Fascinating new details of a massive feasting site on Orkney, where people gathered on a clifftop in huge numbers around 1,500 years ago, have emerged.
A new radiocarbon date for a shell-filled pit at The Cairns Iron Age site in South Ronaldsay shows it was in use during the 5th or 6th century AD.
The pit appears to have been used to cook shellfish and after consumption, their shells - all 18,637 of them - were thrown back in.
Martin Carruthers, site director at The Cairns and lecturer at University of the Highlands and Islands Archaeology Institute, said: “This is an astonishing number of shells for a short-lived, single-event context. This suggests it may have been part of a special food event, a feast involving the whole community of the site or even beyond.”
The majority of the shells, which were analysed by UHI Archaeology Institute Masters student Holly Young, were limpets (84 per cent), with common periwinkles making up the rest of the shellfish menu.
The radiocarbon date shows the pit was in use at the same time as a nearby souterrain, an underground passage.
Mr Carruthers added: “One of our project research aims has been to investigate the role of souterrains and this extraordinary contemporary feasting is adding to our picture that souterrains may have been very special places involving social and ritual practices, in addition to whatever other roles they may have had in food production or storage.
“Indeed, during the construction of The Cairns souterrain another cache of shells was placed over the slab roof of the structure along with a special deposit of rotary querns.”
Archaeologists have worked at The Cairns for a number of years, but the addition of a radiocarbon date places the feast in the Pictish-era, which roughly spanned from 300AD to 800AD.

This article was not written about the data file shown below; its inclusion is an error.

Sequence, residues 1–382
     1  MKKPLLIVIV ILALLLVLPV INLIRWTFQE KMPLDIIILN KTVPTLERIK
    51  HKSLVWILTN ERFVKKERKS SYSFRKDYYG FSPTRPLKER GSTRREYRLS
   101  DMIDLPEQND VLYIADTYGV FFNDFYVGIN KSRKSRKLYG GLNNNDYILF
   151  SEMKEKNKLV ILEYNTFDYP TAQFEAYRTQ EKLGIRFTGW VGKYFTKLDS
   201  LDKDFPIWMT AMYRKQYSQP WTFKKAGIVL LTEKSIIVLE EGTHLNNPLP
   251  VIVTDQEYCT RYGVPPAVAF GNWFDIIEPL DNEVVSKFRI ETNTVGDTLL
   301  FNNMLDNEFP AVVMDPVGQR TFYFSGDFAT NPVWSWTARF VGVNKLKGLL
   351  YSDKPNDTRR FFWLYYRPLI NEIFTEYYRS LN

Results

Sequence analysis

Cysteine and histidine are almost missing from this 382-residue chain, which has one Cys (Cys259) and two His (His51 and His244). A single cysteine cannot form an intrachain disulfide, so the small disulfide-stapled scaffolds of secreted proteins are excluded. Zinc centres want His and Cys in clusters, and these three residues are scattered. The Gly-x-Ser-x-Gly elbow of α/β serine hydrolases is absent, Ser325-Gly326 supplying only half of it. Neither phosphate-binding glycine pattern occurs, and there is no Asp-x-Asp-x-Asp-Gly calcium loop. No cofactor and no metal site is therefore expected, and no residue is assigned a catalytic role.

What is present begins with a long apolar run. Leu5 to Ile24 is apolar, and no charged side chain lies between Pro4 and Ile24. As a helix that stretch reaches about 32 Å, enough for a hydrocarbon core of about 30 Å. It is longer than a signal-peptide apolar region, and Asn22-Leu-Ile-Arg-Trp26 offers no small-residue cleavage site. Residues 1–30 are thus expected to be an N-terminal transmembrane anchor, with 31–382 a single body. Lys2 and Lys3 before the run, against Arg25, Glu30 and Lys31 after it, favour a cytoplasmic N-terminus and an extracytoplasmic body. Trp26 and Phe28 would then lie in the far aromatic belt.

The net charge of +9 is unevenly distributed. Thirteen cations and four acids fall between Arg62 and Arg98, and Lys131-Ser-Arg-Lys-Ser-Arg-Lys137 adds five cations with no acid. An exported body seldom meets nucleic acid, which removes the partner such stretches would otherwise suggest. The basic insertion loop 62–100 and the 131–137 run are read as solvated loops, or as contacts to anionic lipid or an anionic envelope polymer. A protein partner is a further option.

There are a number of sites across the Orkney Islands where evidence of Picts can be found, including the remains of a Pictish settlement at the Brough of Birsay which was inhabited in the late 7th Century.
By AD565, Orkney had been incorporated into the Pictish kingdom and was labelled by the collective name "Picti".
Mr Carruthers, however, cautioned against assuming it was Picts who gathered at The Cairns.
He said there was uncertainty as to whether Orkney and Shetland were fully part of the Pictish state/polity and culture.
Some believe its likely that Orkney’s ‘Picts’ were simply the descendents of the islands' Iron Age broch builders.
Earlier work at the site found that vast quantities of animal meat – including horse, red deer, cow and otter – was also consumed during an earlier feast at The Cairns, which took place a century or two before the shellfish gathering.
A large number of jewellery fragments and tools were discovered at the site several years ago.
Mr Carruthers earlier suggested that the meat feast was probably celebrating the completion of the manufacture of large batch of jewellery.
It may have been the case that pins and brooches were being handed out to members of the community at the gathering, which would likely have maintained and reinforced the structure of Iron Age society at a time when Romans could still be found further south on the mainand.